Could this wild Honda cruiser Rune your bank account?

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In a very general sense, those who enjoy the open road on two wheels tend to fall into two groups: custom builders and the finance-the-leather-jacket-with-the-bike owners. Outfits like Honda have regularly sought to blend the two together by building a factory custom. Something wild enough that the buyer doesn’t need to take the bike from the showroom straight to a custom shop to stand out from the crowd. The Honda Rune is one such attempt, and for one year only it was the wildest thing on the road.

Longer, lower, wider. Those are the three traits that customizers tend to emphasize when building a cruiser. Honda took that strategy to heart in 2004 when it built the Rune, a wild version of its Valkyrie model. At the time, Executive Vice President of Honda America, Ray Blank, said of the model, “We wanted to set the bar higher than ever, erecting standards that no one else had yet imagined, while also exploding old limitations on what an original equipment manufacturer could mass produce.”

Honda Rune Front three quarter
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In that, Honda undoubtedly succeeded. The Rune is an exercise in excess. Its flat-six engine is shared with Honda’s Goldwing model, displacing 1800 cc (111 cubic inches). That engine size lines up with the big-inch cruisers of the era, but triples the cylinder count. Six pistons, instead of the traditional two, bestow a jet-like engine tone to the Rune in a market filled with “potato-potato” machines. The engine was uniquely tuned for the Rune model and pumps out 118 horsepower and 123 pound feet of torque.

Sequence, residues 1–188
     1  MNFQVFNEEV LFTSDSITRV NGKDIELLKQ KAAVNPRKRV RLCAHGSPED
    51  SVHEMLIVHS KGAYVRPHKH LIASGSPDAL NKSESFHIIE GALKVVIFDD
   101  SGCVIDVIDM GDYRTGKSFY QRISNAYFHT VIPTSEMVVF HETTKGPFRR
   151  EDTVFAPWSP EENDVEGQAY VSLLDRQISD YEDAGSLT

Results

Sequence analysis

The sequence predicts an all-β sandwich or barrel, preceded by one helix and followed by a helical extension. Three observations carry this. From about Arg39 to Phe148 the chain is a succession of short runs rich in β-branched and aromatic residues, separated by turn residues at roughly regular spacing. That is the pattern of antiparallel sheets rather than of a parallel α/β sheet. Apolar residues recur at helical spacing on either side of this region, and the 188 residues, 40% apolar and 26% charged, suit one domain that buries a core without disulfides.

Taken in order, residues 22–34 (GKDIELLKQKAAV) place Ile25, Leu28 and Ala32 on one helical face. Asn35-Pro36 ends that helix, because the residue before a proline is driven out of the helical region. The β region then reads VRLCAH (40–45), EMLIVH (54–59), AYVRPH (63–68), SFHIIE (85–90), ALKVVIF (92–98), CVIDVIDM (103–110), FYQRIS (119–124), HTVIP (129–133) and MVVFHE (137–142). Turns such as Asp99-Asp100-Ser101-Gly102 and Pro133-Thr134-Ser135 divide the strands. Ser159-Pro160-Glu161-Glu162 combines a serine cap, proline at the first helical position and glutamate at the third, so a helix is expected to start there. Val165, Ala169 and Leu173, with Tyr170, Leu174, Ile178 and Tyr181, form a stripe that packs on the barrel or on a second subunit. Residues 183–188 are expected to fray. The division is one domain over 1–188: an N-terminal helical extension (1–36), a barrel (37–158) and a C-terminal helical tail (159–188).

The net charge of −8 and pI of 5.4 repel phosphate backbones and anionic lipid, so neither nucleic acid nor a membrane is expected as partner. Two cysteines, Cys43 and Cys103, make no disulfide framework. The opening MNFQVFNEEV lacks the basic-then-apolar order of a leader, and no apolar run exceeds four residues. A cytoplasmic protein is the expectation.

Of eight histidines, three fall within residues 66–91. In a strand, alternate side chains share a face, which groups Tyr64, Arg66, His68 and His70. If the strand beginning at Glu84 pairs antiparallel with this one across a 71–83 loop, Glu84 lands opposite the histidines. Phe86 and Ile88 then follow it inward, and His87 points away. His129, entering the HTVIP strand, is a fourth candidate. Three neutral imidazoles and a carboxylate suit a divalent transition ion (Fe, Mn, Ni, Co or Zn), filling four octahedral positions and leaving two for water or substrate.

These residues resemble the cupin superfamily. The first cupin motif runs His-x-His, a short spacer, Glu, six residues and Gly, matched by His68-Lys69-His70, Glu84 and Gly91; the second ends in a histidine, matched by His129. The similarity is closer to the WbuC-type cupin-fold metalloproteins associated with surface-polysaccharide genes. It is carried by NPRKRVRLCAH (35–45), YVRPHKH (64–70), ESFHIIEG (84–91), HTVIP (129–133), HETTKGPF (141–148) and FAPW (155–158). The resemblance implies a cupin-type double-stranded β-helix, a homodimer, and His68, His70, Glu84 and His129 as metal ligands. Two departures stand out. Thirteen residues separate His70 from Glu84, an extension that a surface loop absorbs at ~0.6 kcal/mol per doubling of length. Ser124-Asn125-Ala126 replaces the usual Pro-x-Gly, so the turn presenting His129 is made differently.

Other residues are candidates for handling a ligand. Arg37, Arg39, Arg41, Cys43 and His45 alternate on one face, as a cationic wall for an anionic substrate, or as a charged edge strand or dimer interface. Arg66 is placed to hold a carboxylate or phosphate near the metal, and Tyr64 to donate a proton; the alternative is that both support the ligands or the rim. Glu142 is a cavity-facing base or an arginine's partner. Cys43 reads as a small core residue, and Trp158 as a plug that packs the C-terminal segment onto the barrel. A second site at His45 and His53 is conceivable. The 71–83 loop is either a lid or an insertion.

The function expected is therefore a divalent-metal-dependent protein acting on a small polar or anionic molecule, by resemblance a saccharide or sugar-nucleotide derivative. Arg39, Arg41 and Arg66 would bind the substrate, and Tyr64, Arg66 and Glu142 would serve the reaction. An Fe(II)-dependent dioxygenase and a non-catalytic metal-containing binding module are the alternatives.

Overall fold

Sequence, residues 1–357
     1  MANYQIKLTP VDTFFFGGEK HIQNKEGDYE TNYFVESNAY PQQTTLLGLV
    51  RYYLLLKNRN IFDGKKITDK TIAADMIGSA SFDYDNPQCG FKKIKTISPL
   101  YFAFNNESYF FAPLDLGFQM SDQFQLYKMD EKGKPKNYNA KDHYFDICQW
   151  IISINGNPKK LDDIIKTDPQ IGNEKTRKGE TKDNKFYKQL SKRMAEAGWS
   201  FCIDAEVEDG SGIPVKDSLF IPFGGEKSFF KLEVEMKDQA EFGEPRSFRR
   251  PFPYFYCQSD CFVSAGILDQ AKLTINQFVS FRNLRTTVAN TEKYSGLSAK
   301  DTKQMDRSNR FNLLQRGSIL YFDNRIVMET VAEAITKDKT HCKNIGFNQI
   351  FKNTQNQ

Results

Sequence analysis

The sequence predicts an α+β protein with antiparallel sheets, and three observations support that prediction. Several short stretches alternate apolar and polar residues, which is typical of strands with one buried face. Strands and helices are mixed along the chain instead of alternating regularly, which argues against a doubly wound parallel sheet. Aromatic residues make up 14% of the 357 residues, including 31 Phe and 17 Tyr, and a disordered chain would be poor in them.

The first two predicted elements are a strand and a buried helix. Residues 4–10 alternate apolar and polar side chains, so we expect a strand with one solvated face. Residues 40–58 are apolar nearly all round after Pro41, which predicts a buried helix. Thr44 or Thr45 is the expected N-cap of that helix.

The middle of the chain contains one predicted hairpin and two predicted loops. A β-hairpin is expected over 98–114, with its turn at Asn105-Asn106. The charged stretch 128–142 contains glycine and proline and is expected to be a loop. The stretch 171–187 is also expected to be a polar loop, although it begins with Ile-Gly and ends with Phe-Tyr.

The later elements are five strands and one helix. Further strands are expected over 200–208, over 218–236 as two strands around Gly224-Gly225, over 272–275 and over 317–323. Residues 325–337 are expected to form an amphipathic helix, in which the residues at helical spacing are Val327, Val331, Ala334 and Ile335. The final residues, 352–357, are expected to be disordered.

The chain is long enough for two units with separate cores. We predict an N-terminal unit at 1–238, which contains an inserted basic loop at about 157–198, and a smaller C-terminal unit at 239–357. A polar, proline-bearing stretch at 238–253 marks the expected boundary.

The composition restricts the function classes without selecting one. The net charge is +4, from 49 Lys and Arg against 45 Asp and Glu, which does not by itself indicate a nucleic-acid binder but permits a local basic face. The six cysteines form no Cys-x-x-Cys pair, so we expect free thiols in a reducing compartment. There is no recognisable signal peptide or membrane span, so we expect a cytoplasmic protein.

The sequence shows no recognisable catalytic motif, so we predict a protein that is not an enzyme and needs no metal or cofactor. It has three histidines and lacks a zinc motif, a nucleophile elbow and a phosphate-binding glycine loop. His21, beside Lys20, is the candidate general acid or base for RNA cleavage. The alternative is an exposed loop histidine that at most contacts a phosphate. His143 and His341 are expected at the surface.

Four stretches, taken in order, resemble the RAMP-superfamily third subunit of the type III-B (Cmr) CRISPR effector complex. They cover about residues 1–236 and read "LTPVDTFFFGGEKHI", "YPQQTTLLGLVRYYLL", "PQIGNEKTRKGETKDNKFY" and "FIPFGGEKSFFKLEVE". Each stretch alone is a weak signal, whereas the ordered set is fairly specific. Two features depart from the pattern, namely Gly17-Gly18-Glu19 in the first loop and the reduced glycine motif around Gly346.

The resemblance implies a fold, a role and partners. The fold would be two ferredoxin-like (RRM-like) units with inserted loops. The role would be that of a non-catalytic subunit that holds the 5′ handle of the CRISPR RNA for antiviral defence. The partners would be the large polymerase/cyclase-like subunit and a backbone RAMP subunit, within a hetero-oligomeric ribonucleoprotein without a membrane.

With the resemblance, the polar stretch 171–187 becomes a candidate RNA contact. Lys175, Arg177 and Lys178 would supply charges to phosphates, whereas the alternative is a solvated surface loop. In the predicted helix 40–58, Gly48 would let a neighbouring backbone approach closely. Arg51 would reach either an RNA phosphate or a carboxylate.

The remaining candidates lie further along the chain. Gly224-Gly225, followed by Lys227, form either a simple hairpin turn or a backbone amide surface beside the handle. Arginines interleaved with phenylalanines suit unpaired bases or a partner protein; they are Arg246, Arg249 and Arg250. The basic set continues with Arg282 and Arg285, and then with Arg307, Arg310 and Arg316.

Honda Rune engine detail
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That is a lot of power, so this thing must be a rocket ship to ride, right? Sort of. Raw performance was not the Rune’s goal. The styling came first and foremost, which explains how the model somehow, in photos, hides its staggering seven feet of total length. It’s long. Heavy. As it rolled off the Marysville, Ohio, production line it scaled at 850 pounds. That is nearly a third of the weight of a brand-new Civic Sport. A sport bike this machine is not.

It did have sport-bike technology, though. While the single-sided swing-arm rear suspension has a scant 3.8 inches of travel, Honda Pro-Link technology (a proprietary suspension design that allows for a rising spring rate) helps improve ride quality. The front suspension is a bit of an optical illusion. The trailing-link design gives the look of a massive front rake—think Easy Rider chopper—but actually maintains conventional factory cruiser geometry for predictable and user-friendly handling. With a multitude of bushings and connections, the trailing-link system is complex, however, and likely factored into the considerable financial loss Honda suffered on each Rune sold.

Honda Rune shaft drive detail
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Honda reportedly had $100,000 tied up in each Rune produced, which were then sold for $26,000. Even if it was intended as something of a loss leader, the Rune still wasn’t affordable in the greater marketplace. That relatively high price kept buyer interest low, even beneath what was necessary for the 1500 examples Honda projected it would build. Perhaps potential buyers preferred to wait for the depreciation to hit on used Runes and snap one up just a few years after the release.

Honda Rune left three quarter
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“The Rune is another example of a a polarizing bike in its day that wasn’t too well received. At more than $25,000, the price was steep and the number of buyers was slim,” says Hagerty valuation analyst and bike enthusiast James Hewitt. “Despite slow sales, the bike managed to capture interest from those who wanted to wait for used prices to drop, and when you have a cult following and people waiting for used prices to drop they don’t drop too far. Prices bottomed around 2012 (Honda was still selling new old stock ones in 2008 and 2009) and have remained strongly in the mid teens since.”

All that said, the Rune is a fascinating tribute to custom bike culture that came with the backing of a reliable manufacturer like Honda. As of this writing, a solid Rune runs between $15,000 and $18,000 on average. Sport bikes of the 1980s and ’90s are gaining popularity and therefore some collectibility, but oddities like the Rune stand out and have already made the leap in the market to reflect that reality. It may not have been a hit when it launched, but the Honda Rune is having the last laugh.

Honda Rune left side
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